Synaptic Loss Precedes Alzheimer’s Symptoms and Drives Disease, New Study Finds

Synaptic Loss Precedes Alzheimer’s Symptoms and Drives Disease, New Study Finds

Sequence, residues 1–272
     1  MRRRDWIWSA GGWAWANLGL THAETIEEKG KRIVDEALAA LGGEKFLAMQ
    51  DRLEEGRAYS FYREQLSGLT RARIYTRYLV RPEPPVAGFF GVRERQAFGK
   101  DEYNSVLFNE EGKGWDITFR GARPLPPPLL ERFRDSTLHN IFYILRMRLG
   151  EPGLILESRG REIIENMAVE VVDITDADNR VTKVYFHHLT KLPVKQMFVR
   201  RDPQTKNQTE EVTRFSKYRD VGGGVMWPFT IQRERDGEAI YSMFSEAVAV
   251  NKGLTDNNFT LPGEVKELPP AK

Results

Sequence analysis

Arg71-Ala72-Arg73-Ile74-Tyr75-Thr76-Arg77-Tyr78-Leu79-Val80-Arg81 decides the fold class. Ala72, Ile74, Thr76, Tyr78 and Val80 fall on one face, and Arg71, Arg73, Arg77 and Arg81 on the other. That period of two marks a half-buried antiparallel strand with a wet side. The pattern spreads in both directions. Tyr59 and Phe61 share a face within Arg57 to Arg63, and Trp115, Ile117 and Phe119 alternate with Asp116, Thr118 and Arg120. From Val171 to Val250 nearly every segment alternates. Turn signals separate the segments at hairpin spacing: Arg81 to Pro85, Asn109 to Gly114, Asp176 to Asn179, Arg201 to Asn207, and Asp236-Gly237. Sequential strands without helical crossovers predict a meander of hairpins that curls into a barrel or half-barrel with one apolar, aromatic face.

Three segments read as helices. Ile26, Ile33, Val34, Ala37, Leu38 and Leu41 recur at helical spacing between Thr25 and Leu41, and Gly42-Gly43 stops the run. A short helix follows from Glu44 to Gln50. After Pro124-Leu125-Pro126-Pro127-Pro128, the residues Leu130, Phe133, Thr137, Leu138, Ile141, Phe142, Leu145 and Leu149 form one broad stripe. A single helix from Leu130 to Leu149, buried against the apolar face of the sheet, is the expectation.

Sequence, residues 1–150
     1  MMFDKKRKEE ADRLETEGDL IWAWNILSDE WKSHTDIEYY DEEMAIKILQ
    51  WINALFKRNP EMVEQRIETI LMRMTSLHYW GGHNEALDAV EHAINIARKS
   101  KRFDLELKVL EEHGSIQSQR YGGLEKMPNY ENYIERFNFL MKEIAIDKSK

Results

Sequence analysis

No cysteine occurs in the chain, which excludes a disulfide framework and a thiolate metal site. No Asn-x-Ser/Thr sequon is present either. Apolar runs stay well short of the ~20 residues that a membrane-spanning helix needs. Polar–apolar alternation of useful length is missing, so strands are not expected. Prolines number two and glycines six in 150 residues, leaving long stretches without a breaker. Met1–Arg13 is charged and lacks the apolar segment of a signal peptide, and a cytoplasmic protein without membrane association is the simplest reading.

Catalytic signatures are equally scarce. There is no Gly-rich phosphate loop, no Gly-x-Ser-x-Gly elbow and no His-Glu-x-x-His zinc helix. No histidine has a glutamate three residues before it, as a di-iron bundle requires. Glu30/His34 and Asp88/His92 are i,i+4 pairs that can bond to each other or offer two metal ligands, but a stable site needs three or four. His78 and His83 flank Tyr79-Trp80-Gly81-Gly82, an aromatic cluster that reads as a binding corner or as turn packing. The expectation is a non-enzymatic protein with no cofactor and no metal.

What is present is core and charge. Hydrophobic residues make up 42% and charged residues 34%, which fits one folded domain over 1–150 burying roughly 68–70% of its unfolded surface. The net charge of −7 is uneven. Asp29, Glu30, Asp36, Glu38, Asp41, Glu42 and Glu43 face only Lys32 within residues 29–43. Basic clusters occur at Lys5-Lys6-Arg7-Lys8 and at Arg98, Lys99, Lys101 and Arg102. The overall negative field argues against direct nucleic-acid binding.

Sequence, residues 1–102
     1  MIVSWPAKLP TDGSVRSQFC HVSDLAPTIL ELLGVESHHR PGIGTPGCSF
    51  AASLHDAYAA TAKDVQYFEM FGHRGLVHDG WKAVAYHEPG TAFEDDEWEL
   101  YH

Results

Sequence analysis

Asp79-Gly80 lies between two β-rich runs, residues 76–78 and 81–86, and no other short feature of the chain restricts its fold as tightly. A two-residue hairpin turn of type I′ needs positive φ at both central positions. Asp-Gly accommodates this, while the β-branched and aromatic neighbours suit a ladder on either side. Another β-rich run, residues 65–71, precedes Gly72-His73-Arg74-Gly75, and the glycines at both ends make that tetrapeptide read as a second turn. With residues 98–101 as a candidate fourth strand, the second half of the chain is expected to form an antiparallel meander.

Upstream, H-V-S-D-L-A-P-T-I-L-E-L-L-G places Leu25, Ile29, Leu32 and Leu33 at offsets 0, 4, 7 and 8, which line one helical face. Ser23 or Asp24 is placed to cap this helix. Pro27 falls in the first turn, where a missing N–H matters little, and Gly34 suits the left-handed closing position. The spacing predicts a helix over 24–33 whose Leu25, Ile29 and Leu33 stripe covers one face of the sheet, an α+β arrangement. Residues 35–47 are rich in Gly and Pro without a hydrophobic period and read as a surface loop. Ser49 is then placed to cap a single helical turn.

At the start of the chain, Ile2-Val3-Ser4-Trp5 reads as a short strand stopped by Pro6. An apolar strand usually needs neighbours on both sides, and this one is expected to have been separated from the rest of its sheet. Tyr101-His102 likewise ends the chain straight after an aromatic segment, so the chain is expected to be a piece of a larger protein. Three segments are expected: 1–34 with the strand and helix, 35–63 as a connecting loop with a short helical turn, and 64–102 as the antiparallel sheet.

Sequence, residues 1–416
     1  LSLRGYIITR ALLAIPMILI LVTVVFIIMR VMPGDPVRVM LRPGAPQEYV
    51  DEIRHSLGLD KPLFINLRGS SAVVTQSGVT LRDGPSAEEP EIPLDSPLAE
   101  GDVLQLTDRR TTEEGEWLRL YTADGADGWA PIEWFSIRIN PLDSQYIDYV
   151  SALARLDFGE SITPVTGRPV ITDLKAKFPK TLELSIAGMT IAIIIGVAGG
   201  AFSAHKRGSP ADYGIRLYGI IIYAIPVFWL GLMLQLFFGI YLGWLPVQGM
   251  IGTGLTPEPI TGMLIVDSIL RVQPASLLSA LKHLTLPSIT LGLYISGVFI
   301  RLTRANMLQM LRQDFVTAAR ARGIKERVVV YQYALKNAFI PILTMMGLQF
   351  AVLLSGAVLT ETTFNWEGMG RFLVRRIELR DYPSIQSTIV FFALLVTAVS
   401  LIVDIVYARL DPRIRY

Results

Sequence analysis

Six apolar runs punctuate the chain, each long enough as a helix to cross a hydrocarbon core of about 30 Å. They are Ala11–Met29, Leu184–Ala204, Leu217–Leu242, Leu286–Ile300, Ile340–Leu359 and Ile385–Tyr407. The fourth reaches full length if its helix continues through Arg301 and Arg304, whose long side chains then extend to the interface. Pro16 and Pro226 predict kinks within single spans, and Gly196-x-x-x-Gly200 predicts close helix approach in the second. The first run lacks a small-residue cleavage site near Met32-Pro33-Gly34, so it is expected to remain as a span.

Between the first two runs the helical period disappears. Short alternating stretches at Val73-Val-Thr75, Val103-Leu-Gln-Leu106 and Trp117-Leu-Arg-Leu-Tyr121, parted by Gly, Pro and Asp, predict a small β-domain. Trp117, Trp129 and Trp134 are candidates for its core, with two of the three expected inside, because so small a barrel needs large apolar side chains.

Before any signs of cognitive decline start showing, neuronal synaptic connections are lost in mice destined to develop Alzheimer’s. New research shows that microglia – brain immune cells – destroy synapses in a fashion resembling processes in the developing brain, suggesting that it might be possible to develop drugs targeting disease at far earlier stages. The process of synaptic pruning – the loss of neuronal connections – is crucial for producing distinct neuronal circuits during normal brain development. When synapses are not successfully eliminated, conditions such as autism might arise. Excessive pruning has also been suggested to contribute to psychiatric conditions such as schizophrenia. It is easy to envision how disruption of these developmental processes might lead to disease in children and adolescents. During development, synapses are eliminated by a system relying on brain immune molecules. A protein called C1q "tags" synapses that are to be disposed of, and microglial cells get rid of the synapses by simply eating them. Researchers at Boston Children's Hospital and Harvard Medical School have now used their extensive knowledge of developmental processes to understand changes also in the aging brain – obtaining new clues of how Alzheimer’s might arise. Their study, "Complement and microglia mediate early synapse loss in Alzheimer mouse models," was recently published in the journal
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